What you need to do is two things:
You need to convert the CDs to mp3 files. You already have programs to do that: Windows Media Player and iTunes.
And you need to tag (electronic labelling) the mp3 files so you can find them and they’ll play back. Get this free program to do that:
When you install mp3tag there’s an option to add it to context menus. Check that–it’s useful.
Open mp3tag when you install it and go to Tools/Options/Tags/Mpeg and look for Write. The options to check are ID3v2.3 and ISO-8859-1. That makes the tags most easily readable by the Sansa. Congratulations–you are now an official computer geek.
Let’s start with the books you’ve already ripped.
If you put the books on the Sansa, take them off and put them on your computer.
Go to the folder with the book mp3s and right-click on it. mp3tag should be among the options. Click it and it will give you a list of the files when it opens.
Are they in any kind of order (I hope)? You want to put them in the right order, top to bottom. Then hold down the shift key and highlight them all. Now, back to Tools and you’ll see Auto-Numbering Wizard. Open that, check Leading Zeros (which gives track numbers 01,02, etc.) and click it. Now the tracks are numbered to play in the order you put them.
Highlight them again and on the left, the fourth row down, change Genre to Audiobooks. Under File, Save the tags. When the Sansa sees Audiobooks, it will take it out of Songs.
Also, look at the Title, Album etc.–you can change that just the way you changed Genre if you need to improve it.
See if that helps.
As for future ripping, I like iTunes better than Windows Media Player (just for ripping–don’t let it organize your library or anything like that) because iTunes gets the most reliable tags online. Since you’ve already got it installed, let’s optimize it.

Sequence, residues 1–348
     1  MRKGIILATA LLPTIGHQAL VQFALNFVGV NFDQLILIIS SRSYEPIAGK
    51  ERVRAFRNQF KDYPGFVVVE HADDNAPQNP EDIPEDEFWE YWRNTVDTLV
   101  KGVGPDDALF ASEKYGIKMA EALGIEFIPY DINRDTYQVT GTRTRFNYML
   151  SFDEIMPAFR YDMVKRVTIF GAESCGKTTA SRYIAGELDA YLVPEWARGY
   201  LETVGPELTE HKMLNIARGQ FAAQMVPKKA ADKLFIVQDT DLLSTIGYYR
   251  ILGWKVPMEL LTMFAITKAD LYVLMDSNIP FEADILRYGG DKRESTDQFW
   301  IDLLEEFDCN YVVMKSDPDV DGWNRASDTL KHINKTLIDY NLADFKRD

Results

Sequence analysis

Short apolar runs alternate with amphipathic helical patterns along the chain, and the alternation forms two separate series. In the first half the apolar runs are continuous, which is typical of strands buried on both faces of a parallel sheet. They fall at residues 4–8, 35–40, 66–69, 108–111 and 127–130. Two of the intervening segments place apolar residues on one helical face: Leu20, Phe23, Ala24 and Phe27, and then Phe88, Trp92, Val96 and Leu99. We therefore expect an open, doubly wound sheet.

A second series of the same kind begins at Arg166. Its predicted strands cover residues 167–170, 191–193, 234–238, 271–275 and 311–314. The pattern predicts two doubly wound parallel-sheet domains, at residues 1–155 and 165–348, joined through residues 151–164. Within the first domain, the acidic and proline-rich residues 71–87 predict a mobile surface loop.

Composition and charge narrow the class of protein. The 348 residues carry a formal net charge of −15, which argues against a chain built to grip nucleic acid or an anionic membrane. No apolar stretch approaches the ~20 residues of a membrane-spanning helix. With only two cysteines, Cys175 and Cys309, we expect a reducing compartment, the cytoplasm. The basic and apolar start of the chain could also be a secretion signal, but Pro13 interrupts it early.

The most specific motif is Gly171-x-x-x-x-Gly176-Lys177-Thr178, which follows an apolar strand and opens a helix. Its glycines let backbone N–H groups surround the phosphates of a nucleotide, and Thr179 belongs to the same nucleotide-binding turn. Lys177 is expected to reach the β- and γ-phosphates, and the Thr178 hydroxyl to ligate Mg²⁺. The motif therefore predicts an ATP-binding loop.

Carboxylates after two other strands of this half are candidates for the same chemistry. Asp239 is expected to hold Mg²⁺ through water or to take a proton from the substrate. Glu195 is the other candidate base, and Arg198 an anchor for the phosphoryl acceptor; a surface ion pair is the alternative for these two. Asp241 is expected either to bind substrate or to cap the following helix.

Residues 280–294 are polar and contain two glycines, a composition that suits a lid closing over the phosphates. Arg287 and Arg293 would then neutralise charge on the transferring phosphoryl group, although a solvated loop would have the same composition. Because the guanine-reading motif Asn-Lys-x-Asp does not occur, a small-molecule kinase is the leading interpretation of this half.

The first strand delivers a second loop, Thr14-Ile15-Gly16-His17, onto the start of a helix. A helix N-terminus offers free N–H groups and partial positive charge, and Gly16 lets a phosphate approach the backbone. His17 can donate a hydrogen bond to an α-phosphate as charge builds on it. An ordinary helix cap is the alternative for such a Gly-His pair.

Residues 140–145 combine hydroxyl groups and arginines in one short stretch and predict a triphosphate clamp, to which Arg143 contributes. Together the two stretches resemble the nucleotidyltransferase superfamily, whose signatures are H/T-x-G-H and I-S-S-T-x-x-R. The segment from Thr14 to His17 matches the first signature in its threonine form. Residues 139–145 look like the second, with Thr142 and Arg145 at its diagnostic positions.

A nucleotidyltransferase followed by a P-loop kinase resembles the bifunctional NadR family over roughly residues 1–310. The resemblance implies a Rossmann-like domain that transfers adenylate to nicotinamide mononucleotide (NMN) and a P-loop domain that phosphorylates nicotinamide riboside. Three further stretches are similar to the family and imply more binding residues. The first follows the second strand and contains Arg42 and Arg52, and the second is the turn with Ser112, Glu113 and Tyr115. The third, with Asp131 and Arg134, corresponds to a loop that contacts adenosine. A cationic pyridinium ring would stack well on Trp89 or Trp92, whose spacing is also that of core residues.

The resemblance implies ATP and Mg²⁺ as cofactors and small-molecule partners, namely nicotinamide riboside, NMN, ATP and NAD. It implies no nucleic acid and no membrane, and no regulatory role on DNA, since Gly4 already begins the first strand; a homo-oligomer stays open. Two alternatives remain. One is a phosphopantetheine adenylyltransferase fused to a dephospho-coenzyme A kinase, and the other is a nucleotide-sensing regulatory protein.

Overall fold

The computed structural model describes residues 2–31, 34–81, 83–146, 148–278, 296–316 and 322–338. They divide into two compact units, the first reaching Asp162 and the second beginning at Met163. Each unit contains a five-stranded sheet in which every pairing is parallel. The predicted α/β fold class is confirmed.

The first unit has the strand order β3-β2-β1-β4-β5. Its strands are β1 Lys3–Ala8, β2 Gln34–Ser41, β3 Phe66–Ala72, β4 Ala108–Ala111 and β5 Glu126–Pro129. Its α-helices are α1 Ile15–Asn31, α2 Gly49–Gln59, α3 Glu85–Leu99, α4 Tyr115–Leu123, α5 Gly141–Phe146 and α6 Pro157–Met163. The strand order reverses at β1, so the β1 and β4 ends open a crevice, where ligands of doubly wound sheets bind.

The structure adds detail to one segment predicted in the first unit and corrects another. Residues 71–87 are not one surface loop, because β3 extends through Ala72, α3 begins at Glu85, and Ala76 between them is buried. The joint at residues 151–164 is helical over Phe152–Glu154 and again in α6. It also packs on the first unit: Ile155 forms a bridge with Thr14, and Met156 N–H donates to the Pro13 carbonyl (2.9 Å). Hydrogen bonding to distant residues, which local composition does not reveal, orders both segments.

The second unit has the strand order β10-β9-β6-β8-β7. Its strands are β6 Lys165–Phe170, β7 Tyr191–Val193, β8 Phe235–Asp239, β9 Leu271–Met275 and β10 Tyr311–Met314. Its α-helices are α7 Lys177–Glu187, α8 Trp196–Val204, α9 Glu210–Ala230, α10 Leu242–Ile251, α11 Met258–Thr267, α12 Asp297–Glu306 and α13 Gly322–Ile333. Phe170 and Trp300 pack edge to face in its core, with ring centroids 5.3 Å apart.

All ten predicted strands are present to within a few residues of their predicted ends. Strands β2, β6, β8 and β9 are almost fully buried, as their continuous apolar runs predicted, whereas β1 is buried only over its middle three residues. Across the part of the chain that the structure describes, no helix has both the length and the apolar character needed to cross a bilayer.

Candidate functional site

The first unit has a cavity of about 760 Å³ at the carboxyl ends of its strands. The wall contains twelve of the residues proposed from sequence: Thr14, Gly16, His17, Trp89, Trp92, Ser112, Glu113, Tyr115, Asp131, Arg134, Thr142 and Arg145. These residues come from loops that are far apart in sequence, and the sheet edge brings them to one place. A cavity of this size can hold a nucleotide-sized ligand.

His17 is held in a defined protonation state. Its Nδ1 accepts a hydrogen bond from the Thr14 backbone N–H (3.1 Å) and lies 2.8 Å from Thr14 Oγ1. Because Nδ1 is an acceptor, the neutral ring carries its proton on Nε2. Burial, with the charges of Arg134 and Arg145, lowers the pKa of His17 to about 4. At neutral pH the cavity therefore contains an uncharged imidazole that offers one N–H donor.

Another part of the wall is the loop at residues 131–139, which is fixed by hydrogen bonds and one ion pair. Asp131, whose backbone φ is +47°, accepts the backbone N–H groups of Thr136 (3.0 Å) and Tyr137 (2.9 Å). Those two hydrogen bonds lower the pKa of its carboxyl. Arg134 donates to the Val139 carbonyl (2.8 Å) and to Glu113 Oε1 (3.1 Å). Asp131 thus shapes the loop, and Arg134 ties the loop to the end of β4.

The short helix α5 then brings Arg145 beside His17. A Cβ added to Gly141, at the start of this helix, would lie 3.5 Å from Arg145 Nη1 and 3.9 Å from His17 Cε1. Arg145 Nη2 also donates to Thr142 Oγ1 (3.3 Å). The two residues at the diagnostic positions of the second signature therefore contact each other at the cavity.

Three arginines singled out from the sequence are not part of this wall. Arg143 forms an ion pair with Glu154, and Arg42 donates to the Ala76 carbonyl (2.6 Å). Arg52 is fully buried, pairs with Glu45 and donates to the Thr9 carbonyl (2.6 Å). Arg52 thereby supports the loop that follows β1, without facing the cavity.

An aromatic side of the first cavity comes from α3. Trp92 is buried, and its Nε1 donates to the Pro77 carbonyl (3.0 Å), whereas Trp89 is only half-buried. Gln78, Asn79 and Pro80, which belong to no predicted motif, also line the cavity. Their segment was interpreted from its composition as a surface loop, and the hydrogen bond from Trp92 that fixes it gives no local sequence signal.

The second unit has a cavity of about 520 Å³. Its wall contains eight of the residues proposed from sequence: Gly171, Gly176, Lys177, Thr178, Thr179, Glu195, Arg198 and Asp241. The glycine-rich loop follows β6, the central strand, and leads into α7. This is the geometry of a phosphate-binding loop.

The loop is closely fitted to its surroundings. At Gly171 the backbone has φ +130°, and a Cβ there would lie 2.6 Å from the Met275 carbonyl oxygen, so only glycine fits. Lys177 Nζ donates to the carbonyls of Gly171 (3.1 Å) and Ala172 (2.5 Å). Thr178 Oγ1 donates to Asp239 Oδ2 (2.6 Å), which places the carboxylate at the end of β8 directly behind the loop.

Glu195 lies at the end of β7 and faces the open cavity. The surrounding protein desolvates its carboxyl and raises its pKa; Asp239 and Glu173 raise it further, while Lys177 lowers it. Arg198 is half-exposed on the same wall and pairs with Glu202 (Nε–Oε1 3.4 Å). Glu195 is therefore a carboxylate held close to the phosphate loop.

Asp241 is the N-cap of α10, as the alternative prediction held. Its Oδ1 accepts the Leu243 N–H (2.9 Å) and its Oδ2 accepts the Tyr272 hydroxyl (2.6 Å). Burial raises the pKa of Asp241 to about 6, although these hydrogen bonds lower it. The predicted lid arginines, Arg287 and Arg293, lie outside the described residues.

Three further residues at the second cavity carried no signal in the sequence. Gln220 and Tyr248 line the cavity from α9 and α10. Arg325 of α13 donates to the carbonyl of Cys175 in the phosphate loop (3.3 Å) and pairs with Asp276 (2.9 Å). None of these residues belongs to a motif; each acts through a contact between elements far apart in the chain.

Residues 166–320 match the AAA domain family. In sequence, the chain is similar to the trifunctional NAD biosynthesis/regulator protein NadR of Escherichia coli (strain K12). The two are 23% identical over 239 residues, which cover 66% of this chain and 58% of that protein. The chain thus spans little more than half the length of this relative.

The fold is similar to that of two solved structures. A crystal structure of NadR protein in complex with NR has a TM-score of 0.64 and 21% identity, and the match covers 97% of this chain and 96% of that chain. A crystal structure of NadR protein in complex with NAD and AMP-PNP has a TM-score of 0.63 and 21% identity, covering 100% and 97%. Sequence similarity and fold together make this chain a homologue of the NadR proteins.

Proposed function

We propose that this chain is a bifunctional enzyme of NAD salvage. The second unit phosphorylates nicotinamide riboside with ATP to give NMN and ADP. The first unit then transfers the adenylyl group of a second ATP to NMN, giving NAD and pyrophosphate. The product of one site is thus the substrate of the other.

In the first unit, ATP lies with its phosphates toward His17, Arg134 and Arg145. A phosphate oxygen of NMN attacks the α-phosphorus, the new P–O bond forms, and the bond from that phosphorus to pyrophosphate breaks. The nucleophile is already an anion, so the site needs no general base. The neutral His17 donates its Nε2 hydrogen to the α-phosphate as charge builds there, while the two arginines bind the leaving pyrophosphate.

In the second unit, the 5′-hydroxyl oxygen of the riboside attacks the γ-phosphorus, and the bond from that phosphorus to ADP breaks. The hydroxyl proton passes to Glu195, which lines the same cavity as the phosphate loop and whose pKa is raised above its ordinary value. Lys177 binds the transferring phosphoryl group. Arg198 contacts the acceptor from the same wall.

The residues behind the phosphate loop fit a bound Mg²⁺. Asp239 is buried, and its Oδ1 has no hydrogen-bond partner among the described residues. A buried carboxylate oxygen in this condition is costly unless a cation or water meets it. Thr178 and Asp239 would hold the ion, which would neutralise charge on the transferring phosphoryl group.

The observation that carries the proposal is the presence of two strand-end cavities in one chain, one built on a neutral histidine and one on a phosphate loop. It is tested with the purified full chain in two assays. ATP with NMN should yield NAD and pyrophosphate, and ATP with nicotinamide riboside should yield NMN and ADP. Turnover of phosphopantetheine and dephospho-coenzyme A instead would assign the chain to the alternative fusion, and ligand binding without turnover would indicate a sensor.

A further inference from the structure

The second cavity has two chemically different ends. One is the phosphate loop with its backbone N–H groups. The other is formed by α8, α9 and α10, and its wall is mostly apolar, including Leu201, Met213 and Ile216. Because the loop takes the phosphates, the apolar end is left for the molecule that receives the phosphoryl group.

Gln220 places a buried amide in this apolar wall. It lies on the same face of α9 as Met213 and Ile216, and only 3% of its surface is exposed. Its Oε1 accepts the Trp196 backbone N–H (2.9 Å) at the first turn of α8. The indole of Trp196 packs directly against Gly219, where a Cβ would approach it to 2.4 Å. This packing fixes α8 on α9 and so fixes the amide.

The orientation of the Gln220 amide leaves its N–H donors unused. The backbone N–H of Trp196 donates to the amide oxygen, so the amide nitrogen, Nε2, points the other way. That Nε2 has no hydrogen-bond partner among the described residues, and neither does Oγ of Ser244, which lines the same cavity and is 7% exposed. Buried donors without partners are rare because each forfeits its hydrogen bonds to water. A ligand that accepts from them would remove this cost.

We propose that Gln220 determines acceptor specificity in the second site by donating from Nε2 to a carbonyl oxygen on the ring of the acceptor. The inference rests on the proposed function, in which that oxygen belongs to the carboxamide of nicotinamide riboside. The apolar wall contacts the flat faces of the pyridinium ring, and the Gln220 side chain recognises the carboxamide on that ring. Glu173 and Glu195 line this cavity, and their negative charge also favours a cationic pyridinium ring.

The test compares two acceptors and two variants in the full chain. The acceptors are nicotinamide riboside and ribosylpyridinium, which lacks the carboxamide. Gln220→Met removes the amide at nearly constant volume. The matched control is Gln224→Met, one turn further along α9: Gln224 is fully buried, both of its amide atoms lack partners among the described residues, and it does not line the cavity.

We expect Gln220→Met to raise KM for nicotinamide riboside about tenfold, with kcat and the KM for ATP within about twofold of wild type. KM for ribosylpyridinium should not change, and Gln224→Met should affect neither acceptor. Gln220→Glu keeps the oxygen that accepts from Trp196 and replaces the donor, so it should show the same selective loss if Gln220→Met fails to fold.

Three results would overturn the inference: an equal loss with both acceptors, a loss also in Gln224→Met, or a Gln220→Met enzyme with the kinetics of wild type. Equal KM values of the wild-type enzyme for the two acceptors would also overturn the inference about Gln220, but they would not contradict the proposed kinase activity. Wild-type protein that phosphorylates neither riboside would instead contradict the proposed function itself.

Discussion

On the upper left, go to Edit/Preferences. Under General mine is set to show nothing among that list of Movies, TV, Genius, etc.–all unchecked.
Under “When you insert a CD” check to have it automatically retrieve CD track names from Internet–those are the tags.
Click Import Settings. Change Import Using to mp3 encoder (NOT Apple’s own .aac or anything else). For Books, use a Custom setting of 64kbps. If you’re also going to rip music, you’ll need to change that because music needs more quality–I use 192 kbps for music.
Under Advanced (within Preferences, not the one you see when you first open iTunes), pick a folder where you want the CDs to be ripped to. Mine is C:\Album-MP3s, but you can use any folder you prefer.
Keep iTunes Music Folder organized
Copy Music Files
and all the ones below to prevent iTunes from taking over your library.
The only two I leave checked are:
Show iTunes icon in system tray.
Click OK and forget you ever did this (unless you want to go back and change the bitrate to do music).
Now when you want to rip a CD you open iTunes, put a CD in the drive, and watch as iTunes scurries across the internet to get the track names. Then click the Import button–mine is tucked in at at the bottom, but they move it around in every version of iTunes–and it will rip the mp3s to the folder you chose.
You’re not quite done. Go to the folder of newly ripped mp3s and open it with mp3tag. Do the Tools/Auto-Numbering wizard again and make sure the genre is Audiobooks.
I know this looks complicated but now that you have the defauts set it should be easier. Open iTunes, insert CD, Import, open the folder with mp3tag, fix tracks and Genre, enjoy your audiobooks.
Message Edited by Crescendo on 12-17-2009 11:00 AM